National Climate Change Policy

National Climate Change Policy


Milestones in Jordan’s Climate Policy


Ratification of the Framework Convention on Climate Change

12 November 1993

Submission of the initial National Communication

06 March 1997

Ratification of the Kyoto Protocol

17 January 2003

Establishment of the CDM –DNA


Submission of the Second National Communication

9 December 2009

Submission of Nationally Determined Contribution (NDC)  

4 November 2016

Paris Agreement (Entry into force) 4 December 2016

4 December 2016


The Low Carbon Development context

Key data

  • Total GHG emissions: 20.14 million tonnes (Mt) of CO2 equivalent in 2000
  • Per capita GHG emissions: 4.6 metric tons of CO2 per capita, World Bank 2007
  • Carbon intensity of the economy: 1.13 Kg CO2 / 2005 USD, IEA 2011
  • Carbon intensity of the energy sector: 2.8 t CO2/ toe, IEA 2011
  • Share of renewable energy: 0.10%

A comprehensive National Climate Change Policy for the Hashemite Kingdom of Jordan bas been launched in 2013, paving the way for the development of a national vision and a comprehensive Climate Change strategy.

Several mitigation options have been identified to minimize dependence on imported energy and maximize security of supply through energy source diversification, reducing energy cost and creating new employment opportunities. The key areas that will receive attention include: (i) fuel switching and introducing natural gas to the national energy system; (ii) the development of renewable energy; (iii) addressing energy efficiency issues through the introduction of a new energy law and an energy efficiency fund providing financial incentives for energy efficient appliances.



A brief identification of the vulnerability to Climate Change has been conducted as part of the 2nd National Communication. Jordan's water and agriculture resources are exposed to increasing climate variability and growing human pressure. Future climate change is considered likely to exacerbate this vulnerability with significant impacts on ecosystems and crucial socio-economic sectors, namely water, agriculture and health.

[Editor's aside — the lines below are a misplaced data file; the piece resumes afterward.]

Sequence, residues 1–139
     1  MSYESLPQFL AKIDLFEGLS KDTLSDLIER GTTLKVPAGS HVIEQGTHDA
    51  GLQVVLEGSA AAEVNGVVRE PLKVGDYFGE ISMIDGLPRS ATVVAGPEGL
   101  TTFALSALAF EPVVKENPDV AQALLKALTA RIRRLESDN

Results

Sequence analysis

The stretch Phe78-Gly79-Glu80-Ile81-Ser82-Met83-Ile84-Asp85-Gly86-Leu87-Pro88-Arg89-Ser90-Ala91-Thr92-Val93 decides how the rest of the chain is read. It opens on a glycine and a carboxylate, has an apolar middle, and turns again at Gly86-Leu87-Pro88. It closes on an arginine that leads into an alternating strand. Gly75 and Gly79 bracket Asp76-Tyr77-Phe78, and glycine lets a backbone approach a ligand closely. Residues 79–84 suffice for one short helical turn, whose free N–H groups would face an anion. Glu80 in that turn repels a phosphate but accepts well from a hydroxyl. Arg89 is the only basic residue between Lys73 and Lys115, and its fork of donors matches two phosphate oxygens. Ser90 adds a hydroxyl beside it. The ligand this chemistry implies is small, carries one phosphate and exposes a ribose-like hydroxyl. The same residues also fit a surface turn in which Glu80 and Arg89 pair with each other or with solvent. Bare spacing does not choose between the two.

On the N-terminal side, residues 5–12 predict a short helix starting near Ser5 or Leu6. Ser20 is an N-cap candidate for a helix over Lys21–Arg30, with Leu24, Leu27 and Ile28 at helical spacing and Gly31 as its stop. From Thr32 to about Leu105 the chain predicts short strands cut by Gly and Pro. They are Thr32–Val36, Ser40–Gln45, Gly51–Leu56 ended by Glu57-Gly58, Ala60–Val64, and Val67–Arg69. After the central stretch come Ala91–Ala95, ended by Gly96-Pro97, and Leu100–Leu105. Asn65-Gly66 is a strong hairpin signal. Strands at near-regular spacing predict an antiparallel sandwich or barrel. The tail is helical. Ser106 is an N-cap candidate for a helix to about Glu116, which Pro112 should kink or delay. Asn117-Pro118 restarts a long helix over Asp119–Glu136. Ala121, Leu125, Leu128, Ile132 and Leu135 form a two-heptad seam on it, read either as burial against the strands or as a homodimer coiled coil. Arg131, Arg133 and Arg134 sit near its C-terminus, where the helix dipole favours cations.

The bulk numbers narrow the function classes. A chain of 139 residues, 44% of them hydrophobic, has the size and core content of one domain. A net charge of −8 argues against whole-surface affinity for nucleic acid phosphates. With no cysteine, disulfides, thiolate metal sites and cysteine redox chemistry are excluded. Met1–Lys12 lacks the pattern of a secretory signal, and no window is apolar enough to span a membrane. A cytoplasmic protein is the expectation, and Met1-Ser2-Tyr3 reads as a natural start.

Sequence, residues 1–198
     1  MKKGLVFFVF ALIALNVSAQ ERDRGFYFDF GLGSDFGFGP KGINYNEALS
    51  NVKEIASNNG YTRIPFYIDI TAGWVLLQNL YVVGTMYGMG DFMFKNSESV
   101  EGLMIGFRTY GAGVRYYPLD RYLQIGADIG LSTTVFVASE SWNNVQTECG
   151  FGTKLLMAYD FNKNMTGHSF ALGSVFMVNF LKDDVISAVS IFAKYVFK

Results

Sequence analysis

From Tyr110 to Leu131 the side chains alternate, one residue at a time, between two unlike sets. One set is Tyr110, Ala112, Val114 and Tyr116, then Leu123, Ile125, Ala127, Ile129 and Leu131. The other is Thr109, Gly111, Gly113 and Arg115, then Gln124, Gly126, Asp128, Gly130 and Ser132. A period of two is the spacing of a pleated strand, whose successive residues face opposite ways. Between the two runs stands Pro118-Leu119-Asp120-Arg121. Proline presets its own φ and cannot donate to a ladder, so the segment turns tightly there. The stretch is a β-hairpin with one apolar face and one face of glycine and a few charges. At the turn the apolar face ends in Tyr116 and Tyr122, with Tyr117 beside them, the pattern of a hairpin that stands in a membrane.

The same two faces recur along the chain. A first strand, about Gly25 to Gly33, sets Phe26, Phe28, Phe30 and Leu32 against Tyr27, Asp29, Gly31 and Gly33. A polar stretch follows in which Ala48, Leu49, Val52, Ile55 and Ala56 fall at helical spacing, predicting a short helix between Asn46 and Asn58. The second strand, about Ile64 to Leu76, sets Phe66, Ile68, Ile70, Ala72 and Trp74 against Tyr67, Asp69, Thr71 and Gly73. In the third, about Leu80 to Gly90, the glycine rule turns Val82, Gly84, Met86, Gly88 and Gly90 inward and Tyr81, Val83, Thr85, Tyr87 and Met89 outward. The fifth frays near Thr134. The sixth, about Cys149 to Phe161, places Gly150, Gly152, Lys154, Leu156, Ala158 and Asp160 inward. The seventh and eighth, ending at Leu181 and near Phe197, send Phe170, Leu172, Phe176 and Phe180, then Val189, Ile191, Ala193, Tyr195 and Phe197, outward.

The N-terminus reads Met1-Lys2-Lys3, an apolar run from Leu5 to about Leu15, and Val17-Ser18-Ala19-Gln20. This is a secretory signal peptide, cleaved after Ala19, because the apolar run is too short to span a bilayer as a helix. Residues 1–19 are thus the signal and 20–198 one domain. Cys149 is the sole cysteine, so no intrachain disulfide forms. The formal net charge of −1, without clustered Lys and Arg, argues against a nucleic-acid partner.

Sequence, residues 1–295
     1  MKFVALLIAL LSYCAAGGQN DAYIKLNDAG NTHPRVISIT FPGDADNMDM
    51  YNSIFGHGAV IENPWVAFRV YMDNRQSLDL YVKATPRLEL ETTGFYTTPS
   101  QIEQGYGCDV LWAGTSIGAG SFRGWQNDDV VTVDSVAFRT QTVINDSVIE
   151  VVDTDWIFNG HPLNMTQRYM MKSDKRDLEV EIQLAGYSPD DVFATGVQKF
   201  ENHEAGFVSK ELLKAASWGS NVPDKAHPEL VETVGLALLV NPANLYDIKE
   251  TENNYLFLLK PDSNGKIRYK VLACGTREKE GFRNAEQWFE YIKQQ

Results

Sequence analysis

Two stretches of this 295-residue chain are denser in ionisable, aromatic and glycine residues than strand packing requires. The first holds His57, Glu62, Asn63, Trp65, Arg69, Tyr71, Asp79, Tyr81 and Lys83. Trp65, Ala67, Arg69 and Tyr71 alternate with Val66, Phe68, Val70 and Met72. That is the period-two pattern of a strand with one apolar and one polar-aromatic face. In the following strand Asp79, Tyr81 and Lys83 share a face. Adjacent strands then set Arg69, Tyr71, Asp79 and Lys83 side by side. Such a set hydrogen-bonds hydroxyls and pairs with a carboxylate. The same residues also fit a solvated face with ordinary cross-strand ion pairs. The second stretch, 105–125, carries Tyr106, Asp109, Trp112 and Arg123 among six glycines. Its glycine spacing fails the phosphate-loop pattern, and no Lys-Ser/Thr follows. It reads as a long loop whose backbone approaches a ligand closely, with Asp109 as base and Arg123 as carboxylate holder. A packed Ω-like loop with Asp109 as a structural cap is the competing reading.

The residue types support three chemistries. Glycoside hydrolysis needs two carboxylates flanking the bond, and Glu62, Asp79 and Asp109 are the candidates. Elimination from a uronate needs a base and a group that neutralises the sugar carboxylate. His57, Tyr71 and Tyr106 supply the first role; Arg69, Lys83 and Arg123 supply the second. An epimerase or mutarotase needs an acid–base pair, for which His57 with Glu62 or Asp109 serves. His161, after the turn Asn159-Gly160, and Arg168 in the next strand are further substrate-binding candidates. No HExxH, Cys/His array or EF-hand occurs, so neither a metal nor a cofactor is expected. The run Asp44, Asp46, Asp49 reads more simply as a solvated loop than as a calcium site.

Jordan is one of the three driest countries in the world. The scarcity of water is the single most important constraint for growth and development as water is not only a key factor for food production but also for health and social and economic development. Indeed, the country’s remarkable development achievements are under threat due to the crippling water scarcity, which is expected to be aggravated by climate change.

Despite the Government’s efforts in managing the limited water resources and its relentless search for alternative supply, the available water resources per capita are falling as a result of population growth. It is projected that the population will continue to grow from about 5.87 million in the year 2008 to over 7.8 million by the year 2022. Annual per capita water availability has declined from 3600 m3/year in the year 1946 to 145 m3/year in the year 2008; this is far below the international water poverty line of 500 m3/year.

Recognizing the magnitude of threat of water scarcity, the government has developed a comprehensive water strategy entitled “Water for Life” for the period 2008 to 2022. This strategy defines the long term goals that the Jordanian government seeks to achieve in the water sector. It mainly focuses on effective water demand management, water supply operations and institutional reform.